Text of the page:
The meeting is about lots of issues unfamiliar to me.  Doesn’t matter.  It hits me, more than once, that these human beings in front of me mean that the Tour du Canada is now real.  Websites and correspondence and Skyping are fine but now I’m looking folks in the eye.  Again and again, I’m brought to silence when this reality hits home.  It’s not just a long-held dream, a “maybe” – it’s 20 of us setting off from Vancouver on June 22.  And I’m just as valuable a team member as anyone else, probably slower than most but so what?

During the meeting and the supper afterwards, folks tell their stories of the road.  One woman did the ride 29 years ago, but her description of a long ago moment is relived vividly in her eyes.  Actually, every person who spoke transported themselves back to a magical summer, full of joys and heartaches.  The weather, the hills, the aches and pains.  Exhaustion towards the end of the day and then a road sign appears announcing the campground is still 16 k away.  Being on the road for the sunrise.  Eating impossible quantities of food.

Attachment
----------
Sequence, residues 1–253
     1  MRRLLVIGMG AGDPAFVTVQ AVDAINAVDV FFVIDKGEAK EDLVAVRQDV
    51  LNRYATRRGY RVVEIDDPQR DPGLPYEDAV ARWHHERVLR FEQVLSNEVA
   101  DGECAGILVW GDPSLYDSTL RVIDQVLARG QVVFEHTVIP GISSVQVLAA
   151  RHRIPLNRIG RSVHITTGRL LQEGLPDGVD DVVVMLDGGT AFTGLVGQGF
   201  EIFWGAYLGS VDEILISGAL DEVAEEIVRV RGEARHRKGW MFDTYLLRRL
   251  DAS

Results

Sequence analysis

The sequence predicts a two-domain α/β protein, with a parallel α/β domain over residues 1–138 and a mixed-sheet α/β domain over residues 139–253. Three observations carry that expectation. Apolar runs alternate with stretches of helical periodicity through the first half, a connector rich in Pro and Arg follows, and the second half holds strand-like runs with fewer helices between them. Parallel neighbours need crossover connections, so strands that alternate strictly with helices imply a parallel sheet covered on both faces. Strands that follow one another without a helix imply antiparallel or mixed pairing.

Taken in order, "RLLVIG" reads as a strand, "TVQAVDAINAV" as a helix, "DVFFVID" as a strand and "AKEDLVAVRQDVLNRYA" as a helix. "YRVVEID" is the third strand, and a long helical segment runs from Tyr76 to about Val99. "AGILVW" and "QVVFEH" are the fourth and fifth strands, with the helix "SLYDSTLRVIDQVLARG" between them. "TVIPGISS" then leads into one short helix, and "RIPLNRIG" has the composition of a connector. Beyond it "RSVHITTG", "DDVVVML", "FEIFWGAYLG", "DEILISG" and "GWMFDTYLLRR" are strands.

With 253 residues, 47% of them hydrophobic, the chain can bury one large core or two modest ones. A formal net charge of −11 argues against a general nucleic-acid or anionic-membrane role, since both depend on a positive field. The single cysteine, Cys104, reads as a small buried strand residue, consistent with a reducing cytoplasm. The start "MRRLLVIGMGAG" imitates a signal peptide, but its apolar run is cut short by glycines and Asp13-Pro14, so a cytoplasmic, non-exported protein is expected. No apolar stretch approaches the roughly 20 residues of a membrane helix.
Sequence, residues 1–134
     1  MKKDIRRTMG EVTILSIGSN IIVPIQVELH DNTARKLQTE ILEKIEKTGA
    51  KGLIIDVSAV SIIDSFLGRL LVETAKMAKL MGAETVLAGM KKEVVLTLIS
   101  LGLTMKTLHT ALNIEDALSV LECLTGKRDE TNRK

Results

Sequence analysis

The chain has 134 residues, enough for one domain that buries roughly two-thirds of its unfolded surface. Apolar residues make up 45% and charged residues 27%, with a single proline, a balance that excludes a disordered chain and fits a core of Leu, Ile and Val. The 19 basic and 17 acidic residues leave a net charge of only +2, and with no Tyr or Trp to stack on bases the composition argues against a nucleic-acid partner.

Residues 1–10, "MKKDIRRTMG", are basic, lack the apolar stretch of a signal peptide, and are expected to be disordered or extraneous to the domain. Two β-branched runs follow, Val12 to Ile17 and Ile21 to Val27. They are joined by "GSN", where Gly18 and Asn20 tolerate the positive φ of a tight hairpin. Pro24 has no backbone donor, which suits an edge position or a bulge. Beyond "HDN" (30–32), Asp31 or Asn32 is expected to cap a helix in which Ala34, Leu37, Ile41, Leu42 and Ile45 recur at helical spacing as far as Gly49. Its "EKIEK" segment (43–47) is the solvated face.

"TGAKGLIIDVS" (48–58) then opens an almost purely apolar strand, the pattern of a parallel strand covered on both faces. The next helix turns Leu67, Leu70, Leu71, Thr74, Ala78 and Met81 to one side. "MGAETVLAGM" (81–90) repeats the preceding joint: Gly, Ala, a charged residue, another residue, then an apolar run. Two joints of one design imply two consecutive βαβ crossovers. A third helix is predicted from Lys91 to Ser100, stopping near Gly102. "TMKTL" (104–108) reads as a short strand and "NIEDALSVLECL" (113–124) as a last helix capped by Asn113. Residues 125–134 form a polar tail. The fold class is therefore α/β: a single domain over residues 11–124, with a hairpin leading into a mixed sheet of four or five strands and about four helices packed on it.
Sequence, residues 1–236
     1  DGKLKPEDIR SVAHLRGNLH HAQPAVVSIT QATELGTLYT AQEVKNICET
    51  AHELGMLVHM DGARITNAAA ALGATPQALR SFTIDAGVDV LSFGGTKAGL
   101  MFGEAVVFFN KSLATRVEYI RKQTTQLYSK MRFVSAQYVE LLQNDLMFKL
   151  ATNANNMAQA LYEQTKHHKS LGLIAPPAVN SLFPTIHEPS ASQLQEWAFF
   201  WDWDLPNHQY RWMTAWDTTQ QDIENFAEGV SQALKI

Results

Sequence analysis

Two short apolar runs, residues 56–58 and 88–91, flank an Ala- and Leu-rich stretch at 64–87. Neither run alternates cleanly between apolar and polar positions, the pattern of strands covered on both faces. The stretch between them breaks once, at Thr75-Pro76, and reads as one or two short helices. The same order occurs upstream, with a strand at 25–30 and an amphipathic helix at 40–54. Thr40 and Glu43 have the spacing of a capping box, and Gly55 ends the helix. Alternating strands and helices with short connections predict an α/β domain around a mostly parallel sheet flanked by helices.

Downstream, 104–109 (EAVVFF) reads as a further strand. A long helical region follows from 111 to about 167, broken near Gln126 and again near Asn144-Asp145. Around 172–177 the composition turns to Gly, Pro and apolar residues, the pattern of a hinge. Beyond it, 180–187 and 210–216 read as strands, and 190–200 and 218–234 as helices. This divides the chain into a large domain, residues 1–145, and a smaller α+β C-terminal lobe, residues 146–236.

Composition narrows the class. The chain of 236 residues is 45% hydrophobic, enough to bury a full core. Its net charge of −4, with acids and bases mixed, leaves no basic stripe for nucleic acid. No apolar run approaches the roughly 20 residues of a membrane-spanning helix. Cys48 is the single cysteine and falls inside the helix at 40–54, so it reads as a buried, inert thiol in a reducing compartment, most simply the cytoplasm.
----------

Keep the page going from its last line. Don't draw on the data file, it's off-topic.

I heard about the tremendous feeling of achievement in reaching St. John’s.  About the couples who met on the ride.  Might that include me in 2018?  About the lovable quirkiness of a rider or two.  And smiles all around.  “Do you remember that morning when I looked at the schedule and told you ‘Oh good, only 130 kilometres today’?”  And then we laughed and laughed.”

Advice came at me from all directions.  “Buy $200 cycling shorts.”  (What?)  “Buy a really good tent that won’t fall apart in a fierce storm.”  “Buy three different brands of excellent shorts so the edge of the chamois [padding] isn’t always rubbing away your skin in exactly the same spot.”  (Who would have thought?  Not me.)

As we left each other and walked out into the darkness, everyone wished me good luck.  A few said they were jealous.  And I just said “Thank you.”

I think I’m doing a remarkable thing come June.  Just like hundreds of other folks have done.  I’ll be creating another community for myself, and that makes me happy.  The nineteen other riders deserve my best.  I’ll give them that.

Ants Below